A MOTHER says better training is needed for staff supporting people on the autistic spectrum.

Rebecca Blackhurst’s son Luke, who had high functioning autism and ADHD, was found dead last year at his home in Fred Emery Court, a supported housing project run by the YMCA in Sillwood Street, Brighton.

At the inquest into the 24-year-old’s death last week, the court heard he died on Sunday, January 20, from a bilateral pneumonia after vomiting in his sleep. He had taken a combination of drugs and their sedative effect meant he did not wake up.

Coroner Veronica Hamilton-Deeley said staff at Fred Emery Court had acted accordingly but Mrs Blackhurst believes there was not enough support in place for her son. She said: “Despite the coroner’s findings, I had concerns for Luke’s safety and level of care.

“There is clearly a need to develop stronger safeguarding processes. I am also really disappointed regarding the lack of understanding regarding Luke’s diagnosis.”

Mrs Blackhurst called staff on Monday, January 21, and requested a welfare check but this was not carried out until the morning of Tuesday, January 22, when Luke was found dead.

She believes Luke was self-medicating and there had been a decline in his wellbeing since he stopped accessing child and adolescent mental health services (CAMHS).

Rebecca said: “Unfortunately after the age of 18, CAMHS stops. Many people are self-diagnosing and self-medicating as there is limited support.

“I would have thought staff would encourage Luke to go to the adult learning difficulty team at the council or that a key worker would have helped him make an appointment with this service, but it was not addressed. Luke needed gentle prompting.”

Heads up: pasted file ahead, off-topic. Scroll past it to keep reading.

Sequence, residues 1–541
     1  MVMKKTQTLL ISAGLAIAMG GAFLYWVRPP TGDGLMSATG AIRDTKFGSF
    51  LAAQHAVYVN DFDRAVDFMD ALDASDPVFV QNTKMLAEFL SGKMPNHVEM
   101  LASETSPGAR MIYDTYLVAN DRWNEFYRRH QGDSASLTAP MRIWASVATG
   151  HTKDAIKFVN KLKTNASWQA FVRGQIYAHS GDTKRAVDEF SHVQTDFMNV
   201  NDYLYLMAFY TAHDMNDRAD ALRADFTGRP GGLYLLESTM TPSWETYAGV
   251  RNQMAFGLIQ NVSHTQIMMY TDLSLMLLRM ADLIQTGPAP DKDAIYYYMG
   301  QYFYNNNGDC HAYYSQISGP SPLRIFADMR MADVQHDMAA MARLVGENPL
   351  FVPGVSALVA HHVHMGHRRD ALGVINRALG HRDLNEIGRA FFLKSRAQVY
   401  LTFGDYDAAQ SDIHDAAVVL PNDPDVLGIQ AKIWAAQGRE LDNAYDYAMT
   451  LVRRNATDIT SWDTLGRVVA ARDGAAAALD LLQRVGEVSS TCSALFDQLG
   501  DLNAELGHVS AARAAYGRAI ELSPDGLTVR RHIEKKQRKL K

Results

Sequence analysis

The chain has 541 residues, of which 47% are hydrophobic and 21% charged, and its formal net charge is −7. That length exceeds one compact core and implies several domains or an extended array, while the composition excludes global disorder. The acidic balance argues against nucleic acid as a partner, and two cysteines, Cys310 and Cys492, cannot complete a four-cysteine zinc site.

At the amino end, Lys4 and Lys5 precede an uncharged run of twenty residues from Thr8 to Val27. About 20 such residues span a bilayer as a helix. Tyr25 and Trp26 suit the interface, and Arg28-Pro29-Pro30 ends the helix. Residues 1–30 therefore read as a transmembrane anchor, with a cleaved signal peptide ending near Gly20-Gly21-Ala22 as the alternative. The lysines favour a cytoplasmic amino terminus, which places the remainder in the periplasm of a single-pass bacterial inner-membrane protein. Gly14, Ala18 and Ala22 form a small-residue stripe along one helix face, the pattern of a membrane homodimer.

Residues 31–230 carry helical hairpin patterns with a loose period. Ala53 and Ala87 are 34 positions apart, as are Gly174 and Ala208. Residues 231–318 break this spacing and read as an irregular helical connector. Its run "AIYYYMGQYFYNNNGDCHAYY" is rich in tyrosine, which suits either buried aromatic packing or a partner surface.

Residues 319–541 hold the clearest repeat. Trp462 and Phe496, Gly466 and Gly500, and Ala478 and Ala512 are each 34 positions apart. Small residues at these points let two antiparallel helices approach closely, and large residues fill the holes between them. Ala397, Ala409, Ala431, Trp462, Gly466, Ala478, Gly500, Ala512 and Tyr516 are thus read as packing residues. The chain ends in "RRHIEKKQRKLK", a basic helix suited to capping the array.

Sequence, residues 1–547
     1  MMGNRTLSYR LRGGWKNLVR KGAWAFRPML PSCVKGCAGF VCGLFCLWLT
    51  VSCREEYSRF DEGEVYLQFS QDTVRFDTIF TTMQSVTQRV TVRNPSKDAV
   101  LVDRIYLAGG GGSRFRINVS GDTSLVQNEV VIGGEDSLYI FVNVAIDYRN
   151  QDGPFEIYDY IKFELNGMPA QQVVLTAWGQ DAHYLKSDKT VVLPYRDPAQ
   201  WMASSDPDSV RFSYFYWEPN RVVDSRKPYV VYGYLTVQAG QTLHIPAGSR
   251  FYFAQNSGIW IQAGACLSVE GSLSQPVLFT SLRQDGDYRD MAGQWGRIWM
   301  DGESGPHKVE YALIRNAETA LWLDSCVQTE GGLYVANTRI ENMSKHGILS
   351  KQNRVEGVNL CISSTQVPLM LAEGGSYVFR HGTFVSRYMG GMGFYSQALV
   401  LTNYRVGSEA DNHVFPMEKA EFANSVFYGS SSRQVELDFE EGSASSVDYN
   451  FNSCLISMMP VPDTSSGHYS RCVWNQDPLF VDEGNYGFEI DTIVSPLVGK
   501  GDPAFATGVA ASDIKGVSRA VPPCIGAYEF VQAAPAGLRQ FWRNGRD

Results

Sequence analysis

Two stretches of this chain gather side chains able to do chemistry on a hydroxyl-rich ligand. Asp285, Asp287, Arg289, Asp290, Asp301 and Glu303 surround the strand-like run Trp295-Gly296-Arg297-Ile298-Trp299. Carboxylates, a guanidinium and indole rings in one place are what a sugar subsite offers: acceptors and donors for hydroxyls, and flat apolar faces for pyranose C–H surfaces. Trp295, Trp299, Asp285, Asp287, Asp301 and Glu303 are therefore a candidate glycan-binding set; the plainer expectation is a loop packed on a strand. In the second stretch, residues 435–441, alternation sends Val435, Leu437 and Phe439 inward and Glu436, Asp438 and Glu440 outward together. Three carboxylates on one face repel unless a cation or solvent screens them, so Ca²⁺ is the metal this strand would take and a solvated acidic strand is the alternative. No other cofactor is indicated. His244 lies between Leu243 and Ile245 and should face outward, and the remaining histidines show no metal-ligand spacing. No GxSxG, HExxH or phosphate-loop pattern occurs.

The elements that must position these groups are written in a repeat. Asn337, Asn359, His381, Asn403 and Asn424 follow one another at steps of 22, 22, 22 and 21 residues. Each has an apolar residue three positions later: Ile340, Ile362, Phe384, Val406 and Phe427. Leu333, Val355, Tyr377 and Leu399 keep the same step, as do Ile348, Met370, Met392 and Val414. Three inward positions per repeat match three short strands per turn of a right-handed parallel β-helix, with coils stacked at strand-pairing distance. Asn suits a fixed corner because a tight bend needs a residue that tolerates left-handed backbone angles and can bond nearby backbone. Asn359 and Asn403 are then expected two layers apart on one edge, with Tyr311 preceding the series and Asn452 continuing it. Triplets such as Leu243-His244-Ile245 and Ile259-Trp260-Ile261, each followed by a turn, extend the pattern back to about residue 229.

She said there was no report on Luke’s diagnosis in his housing record and she believes communication and training needs to be improved in support services.

She said: “Professionals I’ve spoken to all say they know what autism is but the question is, do they? Putting pressure on people with autism can make things much worse.”

Ten days before his death, there had been an incident where Luke had been drinking and had caused a noise disturbance.

His mother said: “Staff had sent him a letter stating there was a serious risk to his health but language like this would only have confused and distressed him further.”

She believes that low support housing services such as Fred Emery Court should be monitored by the Care Quality Commission.

She said: “There needs to be a better framework regarding safeguarding and more intensive training for staff on the handling of service users with this condition.”

She said Luke’s death shocked everyone who knew him, adding: “Luke’s death is a total tragedy, he is irreplaceable.

“Luke was a truly unique person who never ceased to amaze me. His main interests were IT and music.

“He had plans for the future and he spoke about having a family when he was 30.

“There was so much he had to offer the world.”